Bone scan

A bone scan is a nuclear medicine technique which produces images of any part of the skeleton. Bone scans can usually detect most diseases of bone earlier than other techniques and are more sensitive than x-rays in depicting stress fractures, infections of bones and joints, infections of artificial joints and most tumours.

This means a bone scan can often detect problems long before they would show up on a plain x-ray. There is no special preparation required for a bone scan other than sedation of the animal at the time of the scan.

A scanning camera (Gamma Camera) views the body after the animal is given an injection of a radioactive substance, called Technetium 99mHDP, into a vein. This radioactive substance metabolically collects in both normal bone tissue and that which is more active due to disease processes.

Occasionally knowledge of the pattern of blood flow to the region of interest is required; therefore the injection is given with the animal under the camera. The bones absorb the radioisotope rapidly from the blood stream, however for bone scans, the optimal time between injection and scanning is 2-3 hours.

Scanning is painless and usually takes about 30 minutes. It is performed after the animal is sedated, although sometimes it is necessary to give a light anaesthetic to keep them still while scans are obtained. The animal is placed in various positions on the scanning table or camera face.

The camera detects the low-level radiation coming from the bones and an image is collected and displayed on a computer screen. Areas of concentrated radioactive substance show up as so-called “hot spots.”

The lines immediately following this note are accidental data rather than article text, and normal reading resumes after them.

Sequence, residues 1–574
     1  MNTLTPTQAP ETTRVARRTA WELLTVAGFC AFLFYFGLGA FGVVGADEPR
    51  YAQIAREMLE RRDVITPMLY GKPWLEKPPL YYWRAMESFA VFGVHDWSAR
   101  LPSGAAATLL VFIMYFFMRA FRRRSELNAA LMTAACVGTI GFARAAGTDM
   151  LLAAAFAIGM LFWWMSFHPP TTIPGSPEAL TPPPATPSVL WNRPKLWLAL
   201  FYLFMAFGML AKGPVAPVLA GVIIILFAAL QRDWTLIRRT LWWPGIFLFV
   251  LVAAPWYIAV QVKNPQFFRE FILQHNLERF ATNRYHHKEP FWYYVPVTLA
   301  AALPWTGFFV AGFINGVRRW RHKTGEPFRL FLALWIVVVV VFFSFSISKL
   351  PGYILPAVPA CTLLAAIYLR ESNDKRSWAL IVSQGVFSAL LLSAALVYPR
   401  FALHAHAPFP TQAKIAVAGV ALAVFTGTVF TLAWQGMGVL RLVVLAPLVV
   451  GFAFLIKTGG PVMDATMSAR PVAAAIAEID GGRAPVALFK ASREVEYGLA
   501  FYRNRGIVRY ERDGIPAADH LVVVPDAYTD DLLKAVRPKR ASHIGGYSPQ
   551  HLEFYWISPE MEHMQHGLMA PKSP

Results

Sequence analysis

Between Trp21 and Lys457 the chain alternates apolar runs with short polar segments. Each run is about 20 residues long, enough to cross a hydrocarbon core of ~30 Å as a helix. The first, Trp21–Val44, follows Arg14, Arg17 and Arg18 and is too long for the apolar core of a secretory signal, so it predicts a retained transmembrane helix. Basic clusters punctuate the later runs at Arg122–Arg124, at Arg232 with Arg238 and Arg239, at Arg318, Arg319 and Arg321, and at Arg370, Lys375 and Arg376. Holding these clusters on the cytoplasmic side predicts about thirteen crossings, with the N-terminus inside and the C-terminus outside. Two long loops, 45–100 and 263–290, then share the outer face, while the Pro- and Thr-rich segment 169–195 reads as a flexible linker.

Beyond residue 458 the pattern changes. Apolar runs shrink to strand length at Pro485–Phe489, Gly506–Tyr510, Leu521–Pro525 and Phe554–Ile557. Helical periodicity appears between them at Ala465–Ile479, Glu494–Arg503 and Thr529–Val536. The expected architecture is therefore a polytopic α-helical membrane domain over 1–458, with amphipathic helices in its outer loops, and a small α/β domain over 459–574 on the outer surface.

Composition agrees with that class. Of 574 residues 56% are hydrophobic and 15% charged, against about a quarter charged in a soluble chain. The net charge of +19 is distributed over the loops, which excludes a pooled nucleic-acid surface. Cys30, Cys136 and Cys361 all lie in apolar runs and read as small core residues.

Occasionally a special tomographic study (SPECT) may be required in which the gamma camera rotates around the region of interest. This takes additional time. Although the thought of radioactive material in the body may be scary, the substance used is very safe. The amount is small and the dose to the body is less than a chest x-ray.


As the animal and it’s secretions (blood, urine, faeces and saliva) will have some level of radioactivity in the first 24 hours, all animals will remain in our care overnight. After scanning, animals are kept in our purpose built cages in our isolation ward until their radiation levels are below Government standards.

During their stay, they are checked by the in-hospital vet daily and our nursing staff monitor the ward on a regular basis throughout the day. We are happy to board your pet for longer if you have particular concerns about radiation exposure e.g. if there are young children in the family or if someone is pregnant. If you have any questions before, during or after your animal’s scan please do not hesitate to contact us.